The Wikipedia article on surreal numbers states that hyperreal numbers are a subfield of the surreals. If I understand correctly, both fields contain:

  • real numbers
  • a hierarchy of infinitesimal numbers like $\epsilon, \epsilon^2, \epsilon^3, \ldots$
  • a hierarchy of transfinite numbers like $\omega, \omega^2, \omega^3, \ldots$ where $\omega = 1/\epsilon$

and both allow the four standard arithmetic operations to be applied to any combination of real, infinitesimal, and transfinite numbers. So what is the difference, if any, between these number systems? If the Wikipedia statement is accurate, what numbers are surreal but not hyperreal?

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Nathan Reed
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2 Answers2


There are many non-isomorphic non-standard models of reals; any of them can be called hyperreals, although one specific model (the ultrafilter construction on $\mathbb{R}^\mathbb{N}$) is often called "the" hyperreals.

Models are generally taken to be sets. The surreal numbers are a proper class: they are "too big" to be considered a non-standard model of the reals in this sense.

But to some extent, we don't really have to insist on models being sets: with suitable set-theoretic axioms, I believe the surreal numbers are also a non-standard model of the reals. In fact, they would be the largest model.

If we pick one particular (set-sized) non-standard model -- e.g. "the" hyperreals -- then we cannot compare its elements to surreal numbers directly. First, we'd have to choose a way to embed the hyperreals into the surreals. There isn't a unique way to do this. In fact, there is a vast number of ways -- an entire proper class of embeddings! (I believe) we can choose to make any particular surreal a hyperreal number by choosing an appropriate embedding.

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    Interesting. Could you elaborate on the embedding? I'm just trying to get some intuition for this, not formal details. Are there "typical" or "natural" embeddings, and given such an embedding, where would the extra surreals be? For instance, is it somewhat analogous to how the rationals are embedded in the reals, where the rationals are dense but there are extra real numbers "between" the rationals? – Nathan Reed Oct 26 '12 at 17:26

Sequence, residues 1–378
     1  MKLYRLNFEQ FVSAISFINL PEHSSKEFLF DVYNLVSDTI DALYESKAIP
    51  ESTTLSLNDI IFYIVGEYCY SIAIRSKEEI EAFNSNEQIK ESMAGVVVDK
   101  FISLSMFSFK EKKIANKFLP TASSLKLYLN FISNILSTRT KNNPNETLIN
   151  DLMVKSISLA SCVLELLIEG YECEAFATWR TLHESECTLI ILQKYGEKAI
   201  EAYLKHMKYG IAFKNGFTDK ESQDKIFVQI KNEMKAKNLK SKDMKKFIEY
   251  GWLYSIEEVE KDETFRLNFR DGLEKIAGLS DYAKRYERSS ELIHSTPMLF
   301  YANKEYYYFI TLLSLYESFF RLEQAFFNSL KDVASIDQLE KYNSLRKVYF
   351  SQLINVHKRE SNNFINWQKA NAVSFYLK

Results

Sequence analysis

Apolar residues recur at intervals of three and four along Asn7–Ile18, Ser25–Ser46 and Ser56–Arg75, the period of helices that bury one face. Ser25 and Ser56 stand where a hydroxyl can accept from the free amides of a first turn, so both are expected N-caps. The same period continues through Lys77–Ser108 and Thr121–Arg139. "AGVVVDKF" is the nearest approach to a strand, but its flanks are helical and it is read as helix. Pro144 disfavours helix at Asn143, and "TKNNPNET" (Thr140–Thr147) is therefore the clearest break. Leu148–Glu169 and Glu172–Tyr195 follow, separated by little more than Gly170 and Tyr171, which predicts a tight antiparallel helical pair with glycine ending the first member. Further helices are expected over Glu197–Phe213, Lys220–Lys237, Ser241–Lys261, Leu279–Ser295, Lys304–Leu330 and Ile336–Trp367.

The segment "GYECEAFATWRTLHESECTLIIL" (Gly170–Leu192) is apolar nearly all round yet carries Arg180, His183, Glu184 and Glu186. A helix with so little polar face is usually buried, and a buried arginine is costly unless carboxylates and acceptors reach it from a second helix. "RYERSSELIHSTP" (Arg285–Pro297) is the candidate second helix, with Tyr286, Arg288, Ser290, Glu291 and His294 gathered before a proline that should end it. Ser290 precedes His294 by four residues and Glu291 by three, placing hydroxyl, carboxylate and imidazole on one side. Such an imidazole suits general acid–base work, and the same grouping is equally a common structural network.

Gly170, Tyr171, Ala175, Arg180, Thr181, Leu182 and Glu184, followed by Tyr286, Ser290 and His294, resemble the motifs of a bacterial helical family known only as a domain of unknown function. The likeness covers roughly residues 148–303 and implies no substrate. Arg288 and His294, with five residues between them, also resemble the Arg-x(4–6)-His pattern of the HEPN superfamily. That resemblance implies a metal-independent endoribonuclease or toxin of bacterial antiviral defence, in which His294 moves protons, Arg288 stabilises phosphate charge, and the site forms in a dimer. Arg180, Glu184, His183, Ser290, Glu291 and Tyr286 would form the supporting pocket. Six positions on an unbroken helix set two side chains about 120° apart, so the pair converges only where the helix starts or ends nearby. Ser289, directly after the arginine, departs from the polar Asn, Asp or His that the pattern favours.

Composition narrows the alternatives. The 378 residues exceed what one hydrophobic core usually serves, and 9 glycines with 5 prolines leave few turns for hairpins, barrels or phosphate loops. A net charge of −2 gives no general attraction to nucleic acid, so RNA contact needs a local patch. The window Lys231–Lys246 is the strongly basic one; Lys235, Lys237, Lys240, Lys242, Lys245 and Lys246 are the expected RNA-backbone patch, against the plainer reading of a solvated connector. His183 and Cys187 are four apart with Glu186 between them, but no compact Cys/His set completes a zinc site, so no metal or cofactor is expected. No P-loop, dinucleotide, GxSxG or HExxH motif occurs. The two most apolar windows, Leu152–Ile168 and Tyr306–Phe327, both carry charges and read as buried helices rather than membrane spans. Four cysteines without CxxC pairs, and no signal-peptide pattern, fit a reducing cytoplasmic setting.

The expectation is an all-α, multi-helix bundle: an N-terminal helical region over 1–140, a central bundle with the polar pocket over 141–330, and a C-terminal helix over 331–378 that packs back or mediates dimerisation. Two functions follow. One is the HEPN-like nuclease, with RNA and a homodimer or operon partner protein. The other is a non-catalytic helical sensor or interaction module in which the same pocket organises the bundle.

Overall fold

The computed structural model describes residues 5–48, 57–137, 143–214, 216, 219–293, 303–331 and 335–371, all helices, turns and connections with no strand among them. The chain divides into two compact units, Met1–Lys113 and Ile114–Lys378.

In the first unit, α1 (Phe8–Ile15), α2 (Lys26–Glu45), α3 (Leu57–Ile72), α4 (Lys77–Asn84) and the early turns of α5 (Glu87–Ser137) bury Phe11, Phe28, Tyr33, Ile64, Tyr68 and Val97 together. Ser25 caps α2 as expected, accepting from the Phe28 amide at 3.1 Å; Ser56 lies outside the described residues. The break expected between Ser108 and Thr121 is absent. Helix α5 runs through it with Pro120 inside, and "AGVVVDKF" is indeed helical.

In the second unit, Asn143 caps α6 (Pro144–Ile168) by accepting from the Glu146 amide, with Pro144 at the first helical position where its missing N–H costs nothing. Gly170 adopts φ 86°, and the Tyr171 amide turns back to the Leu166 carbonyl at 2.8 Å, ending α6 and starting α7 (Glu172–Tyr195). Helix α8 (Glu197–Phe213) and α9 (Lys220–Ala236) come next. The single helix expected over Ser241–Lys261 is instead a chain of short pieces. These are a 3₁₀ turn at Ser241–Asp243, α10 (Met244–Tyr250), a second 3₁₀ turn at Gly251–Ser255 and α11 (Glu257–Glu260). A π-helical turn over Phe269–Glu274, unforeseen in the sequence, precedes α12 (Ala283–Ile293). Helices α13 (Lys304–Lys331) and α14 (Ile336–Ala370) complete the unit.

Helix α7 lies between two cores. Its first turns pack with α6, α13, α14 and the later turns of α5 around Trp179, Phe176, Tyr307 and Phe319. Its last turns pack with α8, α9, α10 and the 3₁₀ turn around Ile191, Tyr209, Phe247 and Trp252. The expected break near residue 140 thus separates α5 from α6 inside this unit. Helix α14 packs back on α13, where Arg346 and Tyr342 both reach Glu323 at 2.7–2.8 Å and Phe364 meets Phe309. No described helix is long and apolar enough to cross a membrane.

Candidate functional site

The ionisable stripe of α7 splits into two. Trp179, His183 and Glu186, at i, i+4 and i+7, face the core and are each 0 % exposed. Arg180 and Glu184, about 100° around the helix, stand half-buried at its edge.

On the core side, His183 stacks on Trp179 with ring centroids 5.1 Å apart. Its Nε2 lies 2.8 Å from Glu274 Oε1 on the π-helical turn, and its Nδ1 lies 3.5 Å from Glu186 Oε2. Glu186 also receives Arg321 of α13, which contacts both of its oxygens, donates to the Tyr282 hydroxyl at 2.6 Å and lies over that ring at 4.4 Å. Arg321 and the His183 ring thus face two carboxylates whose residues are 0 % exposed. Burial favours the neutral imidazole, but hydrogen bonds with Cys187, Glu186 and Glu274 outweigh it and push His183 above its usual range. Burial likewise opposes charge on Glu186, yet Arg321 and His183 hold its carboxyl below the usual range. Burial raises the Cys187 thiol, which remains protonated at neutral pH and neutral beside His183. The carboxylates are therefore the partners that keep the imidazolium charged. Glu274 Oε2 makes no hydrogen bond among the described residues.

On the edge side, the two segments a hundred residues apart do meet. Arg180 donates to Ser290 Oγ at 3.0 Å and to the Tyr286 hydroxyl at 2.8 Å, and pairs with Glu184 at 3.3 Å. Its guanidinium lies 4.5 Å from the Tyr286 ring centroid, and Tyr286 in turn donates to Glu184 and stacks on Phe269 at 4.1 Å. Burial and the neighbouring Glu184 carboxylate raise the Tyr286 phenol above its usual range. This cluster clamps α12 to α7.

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    For any (set-sized) non-standard model of the reals, call it $F$, we can construct a new non-standard model of the reals extending $F$ that contains an $F$-infinitessimal $\epsilon$: that is, $\epsilon$ is a positive number that is smaller than every positive element of $F$. Therefore, $F$ can't be dense in this extension: e.g. in this new model, the interval $[3+\epsilon, 3+2\epsilon]$ doesn't contain any elements of $F$. –  Oct 27 '12 at 08:25
  • Things get a little hairy when dealing with class-sized hyperreal fields, but [Keisler is quoted with a precise statement of "the surreals are the biggest version of the hyperreals" and proof sketch in Ehrlich's "The absolute arithmetic continuum and the unification of all numbers great and small"](http://www.ohio.edu/people/ehrlich/Unification.pdf) – Mark S. Mar 29 '15 at 14:59
  • If the surreal numbers cannot be considered a set, doesn't that by definition mean they can't form a field? – BlueRaja - Danny Pflughoeft May 03 '20 at 22:48

According to the recent work by Ehrlich, the surreals are also a subset of the hyperreals. More precisely, maximal class-size fields of the surreals and the hyperreals are isomorphic.

When one wishes to trim down one's model to set-size proportions, the advantage of the hyperreals over the surreals becomes obvious, because the hyperreals possess a transfer principle that makes them useful in analysis and other fields of mathematics.

Mikhail Katz
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